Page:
The idea is that fish production will supply an alternative to beef and thus reduce pressure to clear forest, says Magaly Medeiros, who heads Acre's Institute of Climate Change and Regulation of Environmental Services. But the emphasis is on economic development, and the people I talked to clearly think of the project primarily in terms of jobs rather than the environment. Investors see opportunity. 

"They got out in front by really thinking differently," says Mário Peixoto Netto of Kaeté Investimentos, a venture capital fund supported by Brazil's National Development Bank, which has a 30 percent share in the project. "They built a system that comforts and attracts private investment."

That may be true in this case, but officials in Acre acknowledge that they have a long way to go. 

One such individual is Rodrigo Neves, the state's 39-year-old attorney general, who has helped design the full suite of environmental policies. Acre is growing and apparently at a slightly faster clip than its neighbors, but Neves questions how long the state can continue to shoulder the massive subsidies and incentives without external aid or a faster return on its investments.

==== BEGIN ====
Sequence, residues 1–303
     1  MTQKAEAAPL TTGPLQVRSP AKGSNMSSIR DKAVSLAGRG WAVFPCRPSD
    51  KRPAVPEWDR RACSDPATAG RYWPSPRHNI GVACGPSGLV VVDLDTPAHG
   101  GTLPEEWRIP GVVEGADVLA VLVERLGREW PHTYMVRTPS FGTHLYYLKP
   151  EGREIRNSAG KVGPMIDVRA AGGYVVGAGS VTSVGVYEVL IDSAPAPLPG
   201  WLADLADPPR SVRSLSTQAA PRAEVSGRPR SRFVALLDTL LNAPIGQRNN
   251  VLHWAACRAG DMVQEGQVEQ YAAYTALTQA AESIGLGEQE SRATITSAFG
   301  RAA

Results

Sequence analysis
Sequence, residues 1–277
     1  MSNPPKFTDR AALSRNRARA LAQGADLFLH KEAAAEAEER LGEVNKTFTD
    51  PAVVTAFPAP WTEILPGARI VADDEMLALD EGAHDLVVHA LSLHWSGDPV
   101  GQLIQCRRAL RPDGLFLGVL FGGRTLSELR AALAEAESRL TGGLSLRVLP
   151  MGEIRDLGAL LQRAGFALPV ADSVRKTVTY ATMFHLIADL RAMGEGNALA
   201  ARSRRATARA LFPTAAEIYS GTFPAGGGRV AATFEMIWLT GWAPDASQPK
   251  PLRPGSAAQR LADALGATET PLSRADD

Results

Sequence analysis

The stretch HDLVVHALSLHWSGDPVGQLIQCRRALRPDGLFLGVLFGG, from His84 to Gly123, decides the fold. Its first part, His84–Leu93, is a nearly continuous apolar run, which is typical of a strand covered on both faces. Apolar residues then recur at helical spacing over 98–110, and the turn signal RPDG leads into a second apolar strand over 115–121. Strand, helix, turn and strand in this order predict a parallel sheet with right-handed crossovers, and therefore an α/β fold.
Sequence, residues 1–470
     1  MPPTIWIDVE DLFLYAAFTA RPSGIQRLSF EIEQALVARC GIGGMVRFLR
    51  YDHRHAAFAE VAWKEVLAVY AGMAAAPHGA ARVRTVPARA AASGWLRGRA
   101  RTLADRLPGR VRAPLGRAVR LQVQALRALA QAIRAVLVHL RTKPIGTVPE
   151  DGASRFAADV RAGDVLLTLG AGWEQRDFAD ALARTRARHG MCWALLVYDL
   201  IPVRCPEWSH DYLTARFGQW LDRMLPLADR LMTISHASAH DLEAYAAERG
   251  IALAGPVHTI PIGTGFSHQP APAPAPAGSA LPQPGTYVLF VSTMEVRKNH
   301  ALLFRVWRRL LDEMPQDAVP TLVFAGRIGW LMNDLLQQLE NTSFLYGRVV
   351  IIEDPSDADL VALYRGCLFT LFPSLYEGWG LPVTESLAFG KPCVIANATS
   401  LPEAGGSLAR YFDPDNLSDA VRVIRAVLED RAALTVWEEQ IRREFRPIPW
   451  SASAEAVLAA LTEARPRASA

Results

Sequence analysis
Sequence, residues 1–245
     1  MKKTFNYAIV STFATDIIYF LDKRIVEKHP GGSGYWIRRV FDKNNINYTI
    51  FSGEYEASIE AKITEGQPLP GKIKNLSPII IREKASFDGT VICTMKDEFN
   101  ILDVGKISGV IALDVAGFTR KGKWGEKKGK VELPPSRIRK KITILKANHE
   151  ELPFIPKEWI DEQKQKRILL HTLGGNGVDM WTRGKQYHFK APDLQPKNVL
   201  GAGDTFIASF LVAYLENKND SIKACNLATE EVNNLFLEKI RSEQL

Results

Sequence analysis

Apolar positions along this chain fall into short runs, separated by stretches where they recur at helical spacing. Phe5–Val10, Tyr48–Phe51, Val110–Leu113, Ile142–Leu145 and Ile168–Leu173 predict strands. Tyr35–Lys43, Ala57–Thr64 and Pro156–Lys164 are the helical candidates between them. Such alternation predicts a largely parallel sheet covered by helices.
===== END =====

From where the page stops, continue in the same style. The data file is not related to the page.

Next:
Targeting international investors, the state has developed what might be the most advanced forest carbon framework in the world. The idea is that wealthy nations seeking to reduce greenhouse gas emissions could invest in halting deforestation, which is currently responsible for roughly 10 percent of the globe's carbon emissions. Under the United Nations framework, the idea is known as REDD, for reducing emissions from deforestation and forest degradation.

Hopes that an international carbon market would quickly generate such funds under a comprehensive global warming treaty have faded, but climate negotiators at the United Nations have adopted a framework for such investments. Donor countries have also pledged several billion in financing to get started, although significantly more will be needed to expand such efforts across the tropics.